MSU Tuesday Bulletin, 04/12/05

Issue No. 13 Spring 2005
April 12, 2005


EAST LANSING MI 48824-1035

For back issues, see archive <>




April 14, Thursday

"Building a Food Security and Policy Information Portal for Africa," African Studies Center Brown Bag with Michael Weber, Faculty (Agricultural Economics, MSU), 12:00 noon, Room 201, International Center.

April 18, Monday

"Reflections on the Current Crisis in the Democratic Republic of the Congo," Special Seminar with Ambassador Roger A. Meece, Ambassador to the Democratic Republic of the Congo, 12:00 noon - 1:30 p.m., 3rd Floor, International Center.

April 21, Thursday

"Comments on the March 2005 Zimbabwean National Election," African Studies Center Brown Bag talk with John Makumbe, Visiting Scholar from Univ. of Zimbabwe, 12:00 noon, Room 201, International Center.

April 28, Thursday

"Multiculturalism of African Trainee Counselors: The Case of Zimbabwe," African Studies Center Brown Bag talk with Margaret Rukuni, Visiting Scholar at Univ. of Illinois (Univ. of Zimbabwe), 12:00 noon, Room 201, International Center.


Compton Africa Peace Fellowships

Michigan State University's African Studies Center (ASC) and Women and International Development (WID) Program, in cooperation with the Center for Advanced Study of International Development (CASID), are offering Compton Africa Peace Fellowships to students from Sub-Saharan Africa to support their dissertation field research in Africa. This program is an element of the MSU African Higher Education Partnerships Initiative (AHEPI). These dissertation fellowship awards are made possible by a grant from the Compton Foundation through its Peace Fellowship Program for addressing peace, conflict resolution, and security in Africa.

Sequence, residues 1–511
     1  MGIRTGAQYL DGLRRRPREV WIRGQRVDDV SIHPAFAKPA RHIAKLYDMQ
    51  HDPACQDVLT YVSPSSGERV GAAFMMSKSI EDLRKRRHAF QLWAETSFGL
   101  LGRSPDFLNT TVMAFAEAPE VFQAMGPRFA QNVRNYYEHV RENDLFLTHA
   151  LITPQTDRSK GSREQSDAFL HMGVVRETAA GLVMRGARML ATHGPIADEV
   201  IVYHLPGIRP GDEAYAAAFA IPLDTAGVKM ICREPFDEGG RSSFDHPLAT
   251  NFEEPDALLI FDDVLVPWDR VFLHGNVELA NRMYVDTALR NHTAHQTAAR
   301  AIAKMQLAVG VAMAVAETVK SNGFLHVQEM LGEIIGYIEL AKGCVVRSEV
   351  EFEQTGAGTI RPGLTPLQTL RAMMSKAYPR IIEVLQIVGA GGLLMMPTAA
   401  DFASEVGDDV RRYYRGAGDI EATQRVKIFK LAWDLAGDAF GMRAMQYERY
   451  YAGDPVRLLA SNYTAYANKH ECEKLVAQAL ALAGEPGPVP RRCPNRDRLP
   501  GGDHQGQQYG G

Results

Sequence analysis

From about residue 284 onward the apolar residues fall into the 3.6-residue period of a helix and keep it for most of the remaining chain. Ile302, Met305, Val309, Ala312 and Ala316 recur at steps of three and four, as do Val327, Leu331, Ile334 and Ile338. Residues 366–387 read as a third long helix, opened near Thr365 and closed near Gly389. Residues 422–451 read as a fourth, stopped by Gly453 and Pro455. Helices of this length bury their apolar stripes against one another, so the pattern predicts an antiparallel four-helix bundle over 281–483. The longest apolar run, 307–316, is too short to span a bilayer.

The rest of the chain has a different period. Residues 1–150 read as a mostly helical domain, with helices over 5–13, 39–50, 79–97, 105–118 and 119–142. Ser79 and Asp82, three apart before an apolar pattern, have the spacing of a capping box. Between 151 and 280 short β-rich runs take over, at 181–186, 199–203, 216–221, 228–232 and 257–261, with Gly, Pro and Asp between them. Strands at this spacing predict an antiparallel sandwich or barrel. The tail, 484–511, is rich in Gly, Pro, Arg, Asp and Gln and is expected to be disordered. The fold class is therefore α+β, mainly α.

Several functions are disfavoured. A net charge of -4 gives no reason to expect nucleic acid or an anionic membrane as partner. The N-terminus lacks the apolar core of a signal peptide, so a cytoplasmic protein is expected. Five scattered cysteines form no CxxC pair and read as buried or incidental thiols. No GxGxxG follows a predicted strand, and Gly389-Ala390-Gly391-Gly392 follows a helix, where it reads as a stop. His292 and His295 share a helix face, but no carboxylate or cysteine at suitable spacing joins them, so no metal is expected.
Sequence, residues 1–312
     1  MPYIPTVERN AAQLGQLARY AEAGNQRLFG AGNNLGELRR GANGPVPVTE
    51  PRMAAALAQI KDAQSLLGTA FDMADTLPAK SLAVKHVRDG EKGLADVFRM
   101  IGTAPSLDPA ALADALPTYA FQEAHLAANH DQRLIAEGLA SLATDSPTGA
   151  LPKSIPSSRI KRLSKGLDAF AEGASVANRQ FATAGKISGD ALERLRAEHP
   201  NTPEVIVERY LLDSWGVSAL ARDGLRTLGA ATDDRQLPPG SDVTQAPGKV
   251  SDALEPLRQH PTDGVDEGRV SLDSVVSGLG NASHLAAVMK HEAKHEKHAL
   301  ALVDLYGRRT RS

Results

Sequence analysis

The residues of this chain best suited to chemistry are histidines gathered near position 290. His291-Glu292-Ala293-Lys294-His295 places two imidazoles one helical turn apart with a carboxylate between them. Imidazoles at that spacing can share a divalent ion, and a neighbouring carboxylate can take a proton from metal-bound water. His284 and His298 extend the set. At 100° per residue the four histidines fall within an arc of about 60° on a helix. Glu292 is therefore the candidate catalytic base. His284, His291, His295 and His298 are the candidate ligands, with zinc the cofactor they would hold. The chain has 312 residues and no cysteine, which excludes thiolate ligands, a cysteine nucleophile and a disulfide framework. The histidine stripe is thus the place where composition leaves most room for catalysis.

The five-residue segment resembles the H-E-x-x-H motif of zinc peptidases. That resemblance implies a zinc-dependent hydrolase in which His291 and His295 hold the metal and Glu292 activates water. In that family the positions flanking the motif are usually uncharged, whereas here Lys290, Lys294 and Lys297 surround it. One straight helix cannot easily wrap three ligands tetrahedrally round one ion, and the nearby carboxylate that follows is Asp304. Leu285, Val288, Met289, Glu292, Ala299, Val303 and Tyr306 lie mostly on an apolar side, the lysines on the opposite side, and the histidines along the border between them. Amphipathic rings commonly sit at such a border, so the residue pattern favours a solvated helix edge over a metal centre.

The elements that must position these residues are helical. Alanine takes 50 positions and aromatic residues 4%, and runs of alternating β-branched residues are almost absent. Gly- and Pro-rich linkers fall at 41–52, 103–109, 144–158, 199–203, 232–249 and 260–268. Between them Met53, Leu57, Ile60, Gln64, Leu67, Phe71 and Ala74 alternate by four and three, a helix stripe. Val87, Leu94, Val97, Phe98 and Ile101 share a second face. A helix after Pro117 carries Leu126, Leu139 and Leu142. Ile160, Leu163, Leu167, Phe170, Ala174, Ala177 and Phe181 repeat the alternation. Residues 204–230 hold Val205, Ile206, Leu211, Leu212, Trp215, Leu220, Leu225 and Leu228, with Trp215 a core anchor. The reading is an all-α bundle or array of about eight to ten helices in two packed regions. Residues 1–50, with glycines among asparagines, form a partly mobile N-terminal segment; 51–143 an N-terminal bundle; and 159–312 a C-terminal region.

Students eligible for the Compton Africa Peace Fellowship Program at MSU must:

  1. Be citizens of a nation in Sub-Saharan Africa;

  2. Be enrolled in a Ph.D. program at Michigan State University;

  3. Have completed their course work in any of a variety of disciplines such as political science, sociology, anthropology, history, public policy, criminal justice, social work, communications, economics or agricultural economics, and law. Candidates must provide evidence that all requirements for the Ph.D. degree have been completed, including comprehensive examinations and departmental approval of the dissertation proposal;

  4. Be pursuing a dissertation that requires a period of fieldwork in Africa (minimum of 6 months and maximum of 12 months) for collection of qualitative or quantitative data.

Further information on the fellowship and the application form are available on the African Studies Center website If you have questions, please contact David Wiley in the African Studies Center (353-1700), or Anne Ferguson or Kari Bergstrom in the Women and International Development Office (353-5040).

The application deadline is May 1, 2005, for awards beginning in the 2005 calendar year.

Special Seminar by Ambassador Roger A. Meece

Ambassador Roger A. Meece arrived in Kinshasa on July 24, 2004 to assume his position as U.S. Ambassador to the Democratic Republic of the Congo. Immediately after receiving a Bachelor of Science degree from Michigan State University in 1971, Ambassador Meece became a Peace Corps Volunteer in Sierra Leone. This led to several Peace Corps staff assignments, including service as Associate Director for the Peace Corps in Niger and Cameroon, Deputy Director for the Peace Corps in the Republic of the Congo (Brazzaville) and as Director of the Peace Corps in Gabon. His work in the Peace Corps inspired Ambassador Meece to join the Foreign Service in 1979.

For a complete biography, visit: Ambassador Meece will speak at a special seminar on Monday, April 18, 2005. The seminar will begin at 12:00 noon, on the third floor of the International Center. This event is free and open to the public.

Page Editor: Ali B. Ali-Dinar, Ph.D.

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